Apple CEO Tim Cook, currently on a visit to China, has reportedly met the man widely tipped to be the country’s next leader, vice premier Li Keqiang.
Though declining to give details of the enconter, Beijing-based Apple spokesperson Carolyn Wu told Bloomberg that Cook and Li had had a “great meeting” on Tuesday.
The Asian country is of huge importance to Apple. Not only is it home to the world’s biggest mobile market, but it is also the company’s fastest growing market and second most lucrative region.
“Tim is in China meeting with government officials,” Wu said. “China is very important to us and we look forward to even greater investment and growth there.”
Earlier in the week Cook met with Beijing’s mayor and visited one of the city’s two Apple stores.
As with all things Apple, little has been revealed regarding the precise nature of Cook’s China visit — his first since taking over as CEO of the company from Steve Jobs in August last year — though no doubt he’ll be dealing with various issues currently facing the Cupertino company in the Asian country.
These include the ongoing trademark dispute with Chinese tech firm Proview over use of the iPad name in China, as well as problems with working conditions at some of its third-party manufacturing plants in the country.
On the subject of working conditions, a report emerged today that some Foxconn employees working on the iPad line have been voicing complaints over an issue which will surprise many — they’re being given too much time off.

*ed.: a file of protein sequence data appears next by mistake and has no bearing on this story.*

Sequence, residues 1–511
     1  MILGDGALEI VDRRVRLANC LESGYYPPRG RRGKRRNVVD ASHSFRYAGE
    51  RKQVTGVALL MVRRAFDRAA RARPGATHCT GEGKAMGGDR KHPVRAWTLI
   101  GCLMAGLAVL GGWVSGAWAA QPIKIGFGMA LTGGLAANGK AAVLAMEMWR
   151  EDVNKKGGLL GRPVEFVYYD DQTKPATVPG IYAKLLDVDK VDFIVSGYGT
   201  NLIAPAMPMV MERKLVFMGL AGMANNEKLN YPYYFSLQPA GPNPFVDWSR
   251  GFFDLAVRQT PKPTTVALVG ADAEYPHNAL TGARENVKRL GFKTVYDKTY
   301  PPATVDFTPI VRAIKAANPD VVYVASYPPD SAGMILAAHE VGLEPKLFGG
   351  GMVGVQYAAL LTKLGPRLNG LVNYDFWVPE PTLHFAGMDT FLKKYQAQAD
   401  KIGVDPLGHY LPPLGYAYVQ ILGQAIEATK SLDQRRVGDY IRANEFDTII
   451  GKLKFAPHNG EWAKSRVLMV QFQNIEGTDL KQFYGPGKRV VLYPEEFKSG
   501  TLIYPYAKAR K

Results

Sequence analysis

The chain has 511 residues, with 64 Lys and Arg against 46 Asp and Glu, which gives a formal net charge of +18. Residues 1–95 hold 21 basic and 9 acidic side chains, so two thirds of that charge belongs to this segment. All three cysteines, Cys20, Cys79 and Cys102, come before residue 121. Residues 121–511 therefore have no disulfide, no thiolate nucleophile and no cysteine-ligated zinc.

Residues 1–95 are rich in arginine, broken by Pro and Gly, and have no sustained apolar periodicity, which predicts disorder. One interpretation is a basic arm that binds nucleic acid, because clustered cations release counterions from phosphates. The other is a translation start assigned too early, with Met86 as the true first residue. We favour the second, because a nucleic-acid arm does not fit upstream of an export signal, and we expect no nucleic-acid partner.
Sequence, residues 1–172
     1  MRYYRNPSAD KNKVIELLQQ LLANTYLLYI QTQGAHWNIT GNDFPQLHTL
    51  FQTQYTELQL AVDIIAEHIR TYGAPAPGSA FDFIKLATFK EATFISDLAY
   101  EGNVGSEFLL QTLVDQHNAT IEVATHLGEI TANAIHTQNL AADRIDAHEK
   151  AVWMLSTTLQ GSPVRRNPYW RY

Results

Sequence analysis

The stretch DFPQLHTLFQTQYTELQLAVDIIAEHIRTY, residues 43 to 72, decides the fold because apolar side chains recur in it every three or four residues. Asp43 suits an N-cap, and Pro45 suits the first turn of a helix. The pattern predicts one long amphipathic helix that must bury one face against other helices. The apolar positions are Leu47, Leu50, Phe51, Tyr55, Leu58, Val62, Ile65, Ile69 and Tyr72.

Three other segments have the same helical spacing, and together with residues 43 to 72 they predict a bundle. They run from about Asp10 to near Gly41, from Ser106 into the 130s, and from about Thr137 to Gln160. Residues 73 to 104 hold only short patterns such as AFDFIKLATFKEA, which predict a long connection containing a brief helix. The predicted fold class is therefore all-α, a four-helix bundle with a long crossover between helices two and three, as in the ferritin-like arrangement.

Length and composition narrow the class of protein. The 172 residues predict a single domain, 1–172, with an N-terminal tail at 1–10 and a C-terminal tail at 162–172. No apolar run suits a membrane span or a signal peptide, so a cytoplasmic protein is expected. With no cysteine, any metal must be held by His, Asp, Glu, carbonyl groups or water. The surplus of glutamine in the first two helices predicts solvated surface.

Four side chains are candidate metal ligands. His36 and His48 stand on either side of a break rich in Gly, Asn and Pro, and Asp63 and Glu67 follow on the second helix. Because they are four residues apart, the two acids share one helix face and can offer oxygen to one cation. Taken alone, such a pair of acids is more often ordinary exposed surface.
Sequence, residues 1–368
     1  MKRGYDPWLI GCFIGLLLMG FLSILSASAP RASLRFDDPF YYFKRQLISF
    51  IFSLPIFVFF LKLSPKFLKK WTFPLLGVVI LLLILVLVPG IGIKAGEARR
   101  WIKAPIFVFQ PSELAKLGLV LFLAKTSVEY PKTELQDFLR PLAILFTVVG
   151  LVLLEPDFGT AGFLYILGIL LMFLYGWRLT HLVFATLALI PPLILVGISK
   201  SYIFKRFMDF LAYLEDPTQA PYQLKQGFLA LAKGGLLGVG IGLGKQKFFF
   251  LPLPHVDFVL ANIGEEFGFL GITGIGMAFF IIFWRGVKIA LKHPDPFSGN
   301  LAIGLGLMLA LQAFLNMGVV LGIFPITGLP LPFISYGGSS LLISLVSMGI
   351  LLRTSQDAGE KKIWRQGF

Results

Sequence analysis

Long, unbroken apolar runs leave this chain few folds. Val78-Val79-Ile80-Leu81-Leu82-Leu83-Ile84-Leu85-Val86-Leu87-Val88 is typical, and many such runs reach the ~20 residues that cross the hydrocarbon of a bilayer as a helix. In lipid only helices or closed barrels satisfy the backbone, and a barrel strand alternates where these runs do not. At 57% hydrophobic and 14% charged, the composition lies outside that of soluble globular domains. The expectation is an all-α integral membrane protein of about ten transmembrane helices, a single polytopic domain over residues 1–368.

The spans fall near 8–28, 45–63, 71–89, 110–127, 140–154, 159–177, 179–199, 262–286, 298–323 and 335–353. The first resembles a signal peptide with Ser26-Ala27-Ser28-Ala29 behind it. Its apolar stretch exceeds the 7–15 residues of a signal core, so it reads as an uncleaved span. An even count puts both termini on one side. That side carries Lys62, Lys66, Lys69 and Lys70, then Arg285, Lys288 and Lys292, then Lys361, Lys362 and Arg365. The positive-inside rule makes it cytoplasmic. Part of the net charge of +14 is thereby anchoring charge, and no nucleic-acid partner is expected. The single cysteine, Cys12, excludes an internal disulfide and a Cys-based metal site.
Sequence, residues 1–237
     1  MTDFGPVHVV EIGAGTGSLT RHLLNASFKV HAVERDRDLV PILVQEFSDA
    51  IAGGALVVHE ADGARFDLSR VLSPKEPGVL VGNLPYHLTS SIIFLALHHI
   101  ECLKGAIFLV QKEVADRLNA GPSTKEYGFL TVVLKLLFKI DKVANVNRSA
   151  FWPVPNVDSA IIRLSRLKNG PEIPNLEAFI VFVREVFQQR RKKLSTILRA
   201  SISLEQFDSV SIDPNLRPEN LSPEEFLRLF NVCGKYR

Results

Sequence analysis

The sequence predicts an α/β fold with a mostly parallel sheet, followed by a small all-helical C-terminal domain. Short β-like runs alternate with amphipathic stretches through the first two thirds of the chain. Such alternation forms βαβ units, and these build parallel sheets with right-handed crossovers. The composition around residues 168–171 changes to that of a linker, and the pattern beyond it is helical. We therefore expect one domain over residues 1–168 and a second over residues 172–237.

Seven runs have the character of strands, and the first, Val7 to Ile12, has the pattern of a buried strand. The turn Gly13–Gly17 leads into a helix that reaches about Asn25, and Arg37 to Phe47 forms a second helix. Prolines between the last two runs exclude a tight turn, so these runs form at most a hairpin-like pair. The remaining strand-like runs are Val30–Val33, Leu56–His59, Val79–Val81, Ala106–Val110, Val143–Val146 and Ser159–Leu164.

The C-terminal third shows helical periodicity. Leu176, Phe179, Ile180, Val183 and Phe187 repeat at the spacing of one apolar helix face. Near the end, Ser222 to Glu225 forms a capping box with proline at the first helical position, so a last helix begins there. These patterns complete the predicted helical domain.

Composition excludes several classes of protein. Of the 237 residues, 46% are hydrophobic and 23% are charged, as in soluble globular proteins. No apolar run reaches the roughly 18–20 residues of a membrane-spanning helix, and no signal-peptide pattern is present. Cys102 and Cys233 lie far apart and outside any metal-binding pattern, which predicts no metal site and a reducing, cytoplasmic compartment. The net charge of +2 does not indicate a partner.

According to China Business News (via Tech in Asia), a number of workers have already been given 10 days off this month alone. One worker says he usually does a six-day week and so the excessive number of non-working days is making an unwelcome dent in his monthly pay packet.
Tech in Asia’s report speculates that it could reflect less-than-impressive demand for the new iPad, despite Apple announcing healthy sales over its opening weekend a couple of weeks ago.
Apple’s new iteration of its tablet, which hasn’t yet officially gone on sale in China (and may not unless it resolves its trademark dispute), has been selling poorly on the gray market there, according to scalpers operating in Shenzhen, which sells various Apple products brought over from nearby Hong Kong. Whether this reflects demand on a wider scale, however, is impossible to say.
The exact reason for the cut in working days that some Foxconn workers are experiencing isn’t immediately known — perhaps the company already has those robots up and running. Either way, it could be that more details will emerge in the coming days.
This article was originally posted on Digital Trends
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